From The Outsider: My Life in Intrigue, by Frederick Forsyth (Penguin, 2015), Kindle pp. 163-165:
After August 1966, relations between the pretty traumatized Ibos of the east and the federal government in Lagos deteriorated. In London the mandarins of the Commonwealth Office and later the Foreign Office quickly showed a passionate favoritism toward the federal regime, stoked by the resident high commissioner. British governments do not habitually show such adoration of military dictatorships, but this was an exception that stunned even Jim Parker.
Sir David Hunt quite liked Africans, so long as they showed him respectful deference. Colonel Gowon apparently did. When the high commissioner entered his office at Dodan Barracks, he would leap to his feet, slap on his cap, and throw up a quivering salute. Just once, as the crisis became deeper and deeper, David Hunt came east to visit Ojukwu in Enugu, and quickly developed a passionate loathing for the Ibo leader.
Emeka Ojukwu did indeed rise as his visitor entered the room, but in the manner of one welcoming a guest to his country home. He did not throw up a salute. It quickly became plain he was the sort of African, meaning black man, that the former Greek don Hunt could not stand. Emeka was a British public schoolboy, an MA of Oxford, once a first-class wing three-quarter for the college rugby team, and almost a Blue, an award earned for competition at the highest level. His voice was a relaxed drawl. He showed no deference. Jim Parker, who told me this, was standing a few feet away. Hunt and Ojukwu detested each other on sight, something that was made clear in my London briefing.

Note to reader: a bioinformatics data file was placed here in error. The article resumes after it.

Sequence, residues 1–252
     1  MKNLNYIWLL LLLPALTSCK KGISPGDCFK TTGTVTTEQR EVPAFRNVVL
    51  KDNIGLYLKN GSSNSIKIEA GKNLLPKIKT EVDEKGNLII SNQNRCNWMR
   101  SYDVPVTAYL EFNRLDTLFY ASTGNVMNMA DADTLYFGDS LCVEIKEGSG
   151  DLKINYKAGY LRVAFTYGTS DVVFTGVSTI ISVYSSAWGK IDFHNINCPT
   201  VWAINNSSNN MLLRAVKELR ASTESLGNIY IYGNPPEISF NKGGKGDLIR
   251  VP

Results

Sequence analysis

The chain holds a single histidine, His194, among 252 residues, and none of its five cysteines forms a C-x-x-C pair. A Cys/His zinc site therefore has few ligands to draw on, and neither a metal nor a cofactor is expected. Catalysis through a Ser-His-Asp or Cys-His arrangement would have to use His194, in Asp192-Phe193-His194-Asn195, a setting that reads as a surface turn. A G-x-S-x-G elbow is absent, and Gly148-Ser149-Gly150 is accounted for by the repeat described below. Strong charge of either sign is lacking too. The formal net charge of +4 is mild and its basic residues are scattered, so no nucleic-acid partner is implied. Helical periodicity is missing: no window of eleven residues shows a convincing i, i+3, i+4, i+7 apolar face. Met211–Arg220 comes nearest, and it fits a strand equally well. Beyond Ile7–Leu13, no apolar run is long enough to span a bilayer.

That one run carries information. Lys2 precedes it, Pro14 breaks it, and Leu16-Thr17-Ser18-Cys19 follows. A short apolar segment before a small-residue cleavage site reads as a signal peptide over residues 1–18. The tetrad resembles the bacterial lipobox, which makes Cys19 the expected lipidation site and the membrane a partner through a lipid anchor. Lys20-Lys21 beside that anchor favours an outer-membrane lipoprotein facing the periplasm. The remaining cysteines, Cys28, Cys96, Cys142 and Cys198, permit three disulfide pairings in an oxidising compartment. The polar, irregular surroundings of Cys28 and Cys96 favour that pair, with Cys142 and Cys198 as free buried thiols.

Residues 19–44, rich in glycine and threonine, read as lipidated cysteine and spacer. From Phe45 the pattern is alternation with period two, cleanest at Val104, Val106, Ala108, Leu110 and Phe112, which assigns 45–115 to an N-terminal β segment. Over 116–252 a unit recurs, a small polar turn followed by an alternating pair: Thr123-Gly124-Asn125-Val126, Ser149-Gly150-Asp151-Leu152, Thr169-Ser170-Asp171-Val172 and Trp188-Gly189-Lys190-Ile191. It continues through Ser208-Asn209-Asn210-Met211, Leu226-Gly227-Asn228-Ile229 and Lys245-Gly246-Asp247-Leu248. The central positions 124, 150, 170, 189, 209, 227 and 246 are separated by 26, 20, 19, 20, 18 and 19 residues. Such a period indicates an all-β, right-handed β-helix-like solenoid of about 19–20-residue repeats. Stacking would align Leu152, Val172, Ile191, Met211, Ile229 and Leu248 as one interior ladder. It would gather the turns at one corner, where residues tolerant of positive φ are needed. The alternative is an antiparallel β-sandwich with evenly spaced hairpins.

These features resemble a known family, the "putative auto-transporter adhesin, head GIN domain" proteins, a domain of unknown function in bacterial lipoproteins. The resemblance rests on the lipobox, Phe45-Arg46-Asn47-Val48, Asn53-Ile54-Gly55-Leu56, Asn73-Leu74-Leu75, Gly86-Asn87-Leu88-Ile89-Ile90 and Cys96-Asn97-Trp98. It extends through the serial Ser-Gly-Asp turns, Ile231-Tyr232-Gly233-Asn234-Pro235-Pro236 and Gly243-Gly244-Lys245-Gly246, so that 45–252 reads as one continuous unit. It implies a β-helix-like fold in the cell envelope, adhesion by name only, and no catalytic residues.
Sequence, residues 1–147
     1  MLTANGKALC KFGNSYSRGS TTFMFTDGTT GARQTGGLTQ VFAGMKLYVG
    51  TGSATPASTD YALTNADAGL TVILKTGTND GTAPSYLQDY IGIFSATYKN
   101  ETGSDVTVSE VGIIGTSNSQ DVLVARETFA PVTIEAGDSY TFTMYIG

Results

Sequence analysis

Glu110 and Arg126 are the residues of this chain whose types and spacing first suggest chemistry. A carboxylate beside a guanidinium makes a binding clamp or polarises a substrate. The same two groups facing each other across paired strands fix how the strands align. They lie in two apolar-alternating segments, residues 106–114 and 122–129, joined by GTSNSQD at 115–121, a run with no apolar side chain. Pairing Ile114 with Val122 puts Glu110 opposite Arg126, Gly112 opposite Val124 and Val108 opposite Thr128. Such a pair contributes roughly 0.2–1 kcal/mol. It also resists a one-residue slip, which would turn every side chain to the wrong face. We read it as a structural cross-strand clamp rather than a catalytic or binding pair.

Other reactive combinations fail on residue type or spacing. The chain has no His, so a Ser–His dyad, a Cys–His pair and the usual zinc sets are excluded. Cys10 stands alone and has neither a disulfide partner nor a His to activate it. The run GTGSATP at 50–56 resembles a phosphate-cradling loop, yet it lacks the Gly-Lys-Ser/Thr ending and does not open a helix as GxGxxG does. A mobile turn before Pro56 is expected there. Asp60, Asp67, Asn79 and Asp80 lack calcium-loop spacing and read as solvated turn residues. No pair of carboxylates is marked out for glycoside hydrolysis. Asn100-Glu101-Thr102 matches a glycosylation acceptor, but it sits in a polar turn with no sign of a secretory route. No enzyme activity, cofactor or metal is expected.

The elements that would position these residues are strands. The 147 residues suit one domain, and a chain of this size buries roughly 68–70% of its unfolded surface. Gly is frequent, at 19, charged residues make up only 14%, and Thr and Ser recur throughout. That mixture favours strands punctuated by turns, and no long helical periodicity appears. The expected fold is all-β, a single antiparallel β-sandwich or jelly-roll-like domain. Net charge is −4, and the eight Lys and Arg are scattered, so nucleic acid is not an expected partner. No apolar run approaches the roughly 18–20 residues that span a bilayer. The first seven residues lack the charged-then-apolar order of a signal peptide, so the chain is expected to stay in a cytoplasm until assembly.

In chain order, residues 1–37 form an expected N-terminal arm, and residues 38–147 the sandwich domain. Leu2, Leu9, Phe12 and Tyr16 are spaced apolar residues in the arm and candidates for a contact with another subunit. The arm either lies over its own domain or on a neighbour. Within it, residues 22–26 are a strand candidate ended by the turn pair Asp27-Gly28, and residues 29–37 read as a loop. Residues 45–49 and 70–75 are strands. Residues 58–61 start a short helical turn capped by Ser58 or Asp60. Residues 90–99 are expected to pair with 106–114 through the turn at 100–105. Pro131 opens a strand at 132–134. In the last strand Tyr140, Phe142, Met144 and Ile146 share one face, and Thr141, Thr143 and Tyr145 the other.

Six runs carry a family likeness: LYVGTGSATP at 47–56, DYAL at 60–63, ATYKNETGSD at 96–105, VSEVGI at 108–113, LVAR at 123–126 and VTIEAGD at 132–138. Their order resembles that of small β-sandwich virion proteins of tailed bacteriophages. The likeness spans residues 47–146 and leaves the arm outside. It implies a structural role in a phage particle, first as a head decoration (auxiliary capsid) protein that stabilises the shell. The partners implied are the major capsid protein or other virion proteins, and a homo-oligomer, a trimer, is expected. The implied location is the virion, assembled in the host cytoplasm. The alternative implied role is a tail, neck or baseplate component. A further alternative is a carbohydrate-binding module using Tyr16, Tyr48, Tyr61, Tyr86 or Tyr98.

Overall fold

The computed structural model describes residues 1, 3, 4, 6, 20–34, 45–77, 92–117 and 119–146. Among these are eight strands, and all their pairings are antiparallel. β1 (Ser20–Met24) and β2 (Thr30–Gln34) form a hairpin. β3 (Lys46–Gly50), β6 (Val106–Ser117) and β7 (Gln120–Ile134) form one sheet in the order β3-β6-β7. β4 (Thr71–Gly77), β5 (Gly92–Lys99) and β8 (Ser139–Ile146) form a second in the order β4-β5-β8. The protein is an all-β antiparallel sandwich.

Early in his time as governor of the Eastern Region, Ojukwu tried, against all the prevailing wisdom elsewhere, to reinstitute a form of democracy. He formed three bodies to advise him; one was the Constituent Assembly, mainly the professional class, doctors, lawyers, graduates. Second was the Council of Chiefs and Elders, vital in an African society, where age and experience at clan level are revered. Third, surprising to Western eyes, was the Market Mammies Association.
Jim Parker explained to me that Ibo society is almost a matriarchy. In contrast to women in the north, Ibo women are hugely important and influential. The market was the core of every village and city zone. The mammies ran them and knew everything there was to know about the mood on the streets. These were the forces urging Ojukwu to pull eastern Nigeria out of the federal republic.
The public mood was not aggression but fear. Radio broadcasts out of the north threatened that the Hausa were preparing to come south and “finish the job.” Most Ibos believed these threats, the more so as neither federal nor northern government would close them down.
But the real secession point was eventually compensation. Ojukwu had about 1.8 million refugees, all penniless. They had fled, leaving everything behind. At the one single meeting that might have saved the day, at Aburi, in Ghana, Gowon had conceded a withholding of federal oil taxes as an income stream to cope with the crisis. After Aburi, Gowon returned to Lagos and, under pressure, reneged on the lot.
British official sources in Lagos and London briefed the British media that Ojukwu had been grossly unfair to Gowon. He had turned up fully briefed and was simply smarter. That sort of behavior, journalists were told, was obviously unacceptable. After that, the path slid downhill to May 30 and formal secession, and on July 6 to war.